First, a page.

The United States is seeking to have in place a legal system aimed at check and control by other countries, based on its intelligence information, of the vessels and aircraft passing through their territorial waters and airspace. Japan, which is our neighbor, is already in action to realize it.

After all, we can say that this has originated from the doctrine of the United States, the world's largest arms seller, that its intelligence should serve as a standard to judge the legitimacy and illegitimacy of the international trade and as a basis to put pressure on any member state of the United Nations.

The war in Iraq constitutes a well-proven example that the intelligence gathered by the United States may be misused for political purposes in disregard of the principle of impartiality.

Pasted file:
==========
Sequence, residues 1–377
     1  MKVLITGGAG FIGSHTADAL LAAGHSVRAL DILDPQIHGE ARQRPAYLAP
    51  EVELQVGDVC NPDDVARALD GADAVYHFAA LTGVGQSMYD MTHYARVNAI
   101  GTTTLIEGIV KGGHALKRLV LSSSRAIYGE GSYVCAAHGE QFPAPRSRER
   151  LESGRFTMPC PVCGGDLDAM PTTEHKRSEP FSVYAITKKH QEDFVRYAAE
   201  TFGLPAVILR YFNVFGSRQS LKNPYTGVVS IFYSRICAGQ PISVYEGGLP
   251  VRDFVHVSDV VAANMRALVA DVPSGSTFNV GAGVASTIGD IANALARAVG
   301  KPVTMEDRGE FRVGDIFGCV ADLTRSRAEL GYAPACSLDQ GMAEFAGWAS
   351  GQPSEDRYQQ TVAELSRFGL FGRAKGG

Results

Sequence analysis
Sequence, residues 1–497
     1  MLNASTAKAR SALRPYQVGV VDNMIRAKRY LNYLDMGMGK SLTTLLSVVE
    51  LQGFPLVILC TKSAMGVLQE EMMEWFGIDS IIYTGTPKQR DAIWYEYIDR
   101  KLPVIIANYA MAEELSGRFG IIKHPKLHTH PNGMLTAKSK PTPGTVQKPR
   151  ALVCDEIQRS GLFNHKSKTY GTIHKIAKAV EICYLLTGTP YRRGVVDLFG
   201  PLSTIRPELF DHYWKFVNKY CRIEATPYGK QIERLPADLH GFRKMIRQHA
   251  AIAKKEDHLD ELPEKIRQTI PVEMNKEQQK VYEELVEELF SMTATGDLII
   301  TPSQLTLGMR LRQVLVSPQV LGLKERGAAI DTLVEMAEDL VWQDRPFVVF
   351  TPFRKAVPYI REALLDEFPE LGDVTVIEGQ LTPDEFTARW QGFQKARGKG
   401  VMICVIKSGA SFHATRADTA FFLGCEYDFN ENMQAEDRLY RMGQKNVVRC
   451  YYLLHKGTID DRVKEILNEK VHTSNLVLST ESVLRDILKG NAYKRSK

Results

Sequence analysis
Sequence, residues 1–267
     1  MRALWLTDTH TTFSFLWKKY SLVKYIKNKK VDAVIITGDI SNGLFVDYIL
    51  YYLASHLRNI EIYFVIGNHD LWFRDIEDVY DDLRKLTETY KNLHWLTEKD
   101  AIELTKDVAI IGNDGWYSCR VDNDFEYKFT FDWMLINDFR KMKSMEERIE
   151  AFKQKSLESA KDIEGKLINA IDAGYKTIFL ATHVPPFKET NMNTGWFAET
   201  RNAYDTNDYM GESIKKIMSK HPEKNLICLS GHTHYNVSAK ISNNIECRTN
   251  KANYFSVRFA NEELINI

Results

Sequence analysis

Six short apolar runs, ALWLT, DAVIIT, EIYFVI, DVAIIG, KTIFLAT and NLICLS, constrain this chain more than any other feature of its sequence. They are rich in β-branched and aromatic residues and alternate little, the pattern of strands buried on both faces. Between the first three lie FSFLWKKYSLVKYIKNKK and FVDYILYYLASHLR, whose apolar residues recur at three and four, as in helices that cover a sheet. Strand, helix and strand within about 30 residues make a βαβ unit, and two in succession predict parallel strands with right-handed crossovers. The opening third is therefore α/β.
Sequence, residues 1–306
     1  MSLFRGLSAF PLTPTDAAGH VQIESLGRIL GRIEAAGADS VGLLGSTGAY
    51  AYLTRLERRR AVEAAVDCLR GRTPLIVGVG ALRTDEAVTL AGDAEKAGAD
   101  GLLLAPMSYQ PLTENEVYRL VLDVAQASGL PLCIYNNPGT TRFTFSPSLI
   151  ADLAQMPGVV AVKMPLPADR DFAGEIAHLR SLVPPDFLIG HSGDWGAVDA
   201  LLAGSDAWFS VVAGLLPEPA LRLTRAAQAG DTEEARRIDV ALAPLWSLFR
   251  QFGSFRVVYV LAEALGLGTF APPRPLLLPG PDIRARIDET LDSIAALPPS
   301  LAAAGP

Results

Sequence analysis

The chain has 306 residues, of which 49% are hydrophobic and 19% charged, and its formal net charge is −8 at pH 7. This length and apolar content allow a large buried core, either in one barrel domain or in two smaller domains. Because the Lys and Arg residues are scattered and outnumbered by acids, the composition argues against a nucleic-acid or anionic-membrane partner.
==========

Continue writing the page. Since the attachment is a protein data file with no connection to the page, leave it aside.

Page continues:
If this is allowed with the support or acquiescence of the Security Council, it will result in a negative change in the international order.

It can be said that now, the United Nations is at the crossroads of whether it will maintain the international order led by the United Nations or give way to the establishment of a dangerous world order led by an individual country.

It is the common view of the international community that under no circumstances can the Security Council be used as a cover-up to justify unilateralism and policy of pressure of a certain country.

Fifth, we consider that the Security Council should pay due attention, when considering the situation on the Korean peninsula, to the current status of the Korean Armistice Agreement with which the Security Council has a deep connection.